Food for the Young: Adapted to the Mental Capacities of Children of Tender Years

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W. Darton, Jun., 58, Holborn-Hill, 1818 - 176 pages
A mother entertains and educates her children with stories of travels and observations of the natural world.
 

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Page 116 - The winds roared, and the rains fell. The poor white man, faint and weary, came and sat under our tree. He has no mother to bring him milk; no wife to grind his corn.
Page 120 - I could only hasten from the dreadful scene, reflecting with horror on the dismal end of these poor Negroes. Whilst commiserating them, I forgot the pains of my own suffering, though my feet were very sore, and my body covered with blisters from the extreme heat of the sun. Presently I was surprised and delighted to hear some one call to me in broken English : I turned and beheld a Negro, dressed lightly in European fashion. He told me he had left his native country when a boy ; and after living...
Page 64 - Gambol'd before them; th' unwieldy elephant, To make them mirth, used all his might, and wreath'd His lithe proboscis; close the serpent sly Insinuating, wove with Gordian twine His braided train, and of his fatal guile Gave proof unheeded; others on the grass Couch'd, and now fill'd with pasture gazing sat, Or bedward ruminating, for the sun, Declin'd, was hasting now with prone career To th...
Page 163 - ... eager hopes of meeting the first shot. Then a general prayer to Heaven, to hasten the approach of the flames to the right and left of them, and put a period to their misery. Some expired on others ; while a steam arose, as well from the living as the dead, which was very offensive.
Page 122 - Amidst these transports, the blacksmith's aged mother was led forth, leaning upon a staff. Every one made way for her, and she stretched out her hand to bid her son welcome. Being totally blind, she stroked his hands, arms, and face, with great care, and seemed highly delighted, that her latter days were blessed by his return, and that her ears once more heard the music of his voice.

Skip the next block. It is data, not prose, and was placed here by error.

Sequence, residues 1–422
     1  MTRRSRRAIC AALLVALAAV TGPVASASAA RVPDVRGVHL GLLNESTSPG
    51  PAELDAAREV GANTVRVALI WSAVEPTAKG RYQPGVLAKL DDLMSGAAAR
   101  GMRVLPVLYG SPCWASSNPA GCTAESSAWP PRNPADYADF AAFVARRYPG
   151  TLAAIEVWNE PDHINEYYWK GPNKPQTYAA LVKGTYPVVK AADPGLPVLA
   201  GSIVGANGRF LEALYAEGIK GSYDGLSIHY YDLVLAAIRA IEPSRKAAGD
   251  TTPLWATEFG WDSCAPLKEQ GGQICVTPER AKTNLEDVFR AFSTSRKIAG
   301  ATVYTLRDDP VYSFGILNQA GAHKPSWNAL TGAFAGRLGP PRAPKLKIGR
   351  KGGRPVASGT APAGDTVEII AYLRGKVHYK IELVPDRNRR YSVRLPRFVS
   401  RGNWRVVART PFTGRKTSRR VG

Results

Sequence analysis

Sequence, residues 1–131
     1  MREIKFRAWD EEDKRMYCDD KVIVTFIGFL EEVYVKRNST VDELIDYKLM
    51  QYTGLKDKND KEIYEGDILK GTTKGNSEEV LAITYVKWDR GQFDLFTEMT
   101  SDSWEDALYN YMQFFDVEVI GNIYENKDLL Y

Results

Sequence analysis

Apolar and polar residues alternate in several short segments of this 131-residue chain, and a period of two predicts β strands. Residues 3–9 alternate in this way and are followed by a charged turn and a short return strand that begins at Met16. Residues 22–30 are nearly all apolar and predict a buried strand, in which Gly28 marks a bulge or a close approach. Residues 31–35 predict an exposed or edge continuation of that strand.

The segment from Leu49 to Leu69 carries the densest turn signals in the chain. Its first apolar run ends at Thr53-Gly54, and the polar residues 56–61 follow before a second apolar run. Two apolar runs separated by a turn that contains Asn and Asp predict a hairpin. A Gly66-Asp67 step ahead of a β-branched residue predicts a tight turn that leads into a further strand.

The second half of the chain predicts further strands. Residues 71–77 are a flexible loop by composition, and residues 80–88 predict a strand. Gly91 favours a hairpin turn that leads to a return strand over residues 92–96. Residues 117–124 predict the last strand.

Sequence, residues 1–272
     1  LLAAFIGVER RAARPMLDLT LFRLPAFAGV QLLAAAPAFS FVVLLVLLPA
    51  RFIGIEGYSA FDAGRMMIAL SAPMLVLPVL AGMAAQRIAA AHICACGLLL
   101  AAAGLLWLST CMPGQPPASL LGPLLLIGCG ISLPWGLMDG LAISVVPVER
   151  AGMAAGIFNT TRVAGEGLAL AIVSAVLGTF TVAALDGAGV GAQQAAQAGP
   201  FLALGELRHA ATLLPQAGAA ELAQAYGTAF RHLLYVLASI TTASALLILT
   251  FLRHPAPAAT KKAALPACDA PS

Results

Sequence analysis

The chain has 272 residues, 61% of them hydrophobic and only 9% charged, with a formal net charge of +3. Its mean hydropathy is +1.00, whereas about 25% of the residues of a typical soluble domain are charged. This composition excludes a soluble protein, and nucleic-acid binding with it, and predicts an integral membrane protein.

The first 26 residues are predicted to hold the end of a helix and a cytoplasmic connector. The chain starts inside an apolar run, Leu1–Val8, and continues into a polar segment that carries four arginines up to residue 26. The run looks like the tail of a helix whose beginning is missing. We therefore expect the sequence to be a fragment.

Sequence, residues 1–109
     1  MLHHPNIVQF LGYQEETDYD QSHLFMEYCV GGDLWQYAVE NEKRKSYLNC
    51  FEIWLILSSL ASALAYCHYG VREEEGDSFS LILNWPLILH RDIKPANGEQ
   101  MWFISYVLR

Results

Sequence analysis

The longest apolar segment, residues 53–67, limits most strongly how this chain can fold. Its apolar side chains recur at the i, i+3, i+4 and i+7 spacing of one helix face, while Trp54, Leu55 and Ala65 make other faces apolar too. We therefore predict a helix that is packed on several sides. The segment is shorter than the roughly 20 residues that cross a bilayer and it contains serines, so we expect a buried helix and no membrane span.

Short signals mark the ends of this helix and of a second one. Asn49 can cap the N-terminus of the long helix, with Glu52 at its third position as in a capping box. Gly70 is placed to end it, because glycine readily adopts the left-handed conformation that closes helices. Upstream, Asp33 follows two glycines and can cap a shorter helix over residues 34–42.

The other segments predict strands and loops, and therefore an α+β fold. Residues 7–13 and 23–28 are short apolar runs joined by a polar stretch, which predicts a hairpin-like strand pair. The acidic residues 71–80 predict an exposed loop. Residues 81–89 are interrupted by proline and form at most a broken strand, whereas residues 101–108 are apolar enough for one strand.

Page 48 - They are a greenifh katkin, and make little (how ; though many are fucceedcd by pods, that have a wonderful effect ; for thefe are exceedingly large, more than a foot, fometimes a foot and a half in length, and two inches in breadth, and of a...
Page 83 - WES she of not finding the nest. Presently she saw another bird fly from the ground, just at her brother's foot, who at that moment cried out, " I have found it, I have found it ! one, two, three, four, beautiful little birds !" Lucy crept forward, and then knelt down to the nest, and saw, as Frederic had counted, four pretty little birds covered with yellow down, and stretching up their little gaping bills as though they expected food. Just at the time they were kneeling at the...
Page 8 - His hind-feet are fitted with webs, adapted to the purpose of swimming. His tail is a foot long, an inch thick, and five or six; inches broad ; it accordingly serves the purpose of a trowel in plastering his dam. Wherever a number of these animals come together, they immediately combine, in society, to perform the common business of constructing their habitations; apparently acting under the most intelligent design. Though there is no appearance...
Page 166 - Frank, but they wanted to know a great deal more ; for they had heard their papa once talking with a gentleman about the economy of bees, and they did not know what was meant by economy of bees. Mrs. Johnson told them, w.hat was called "

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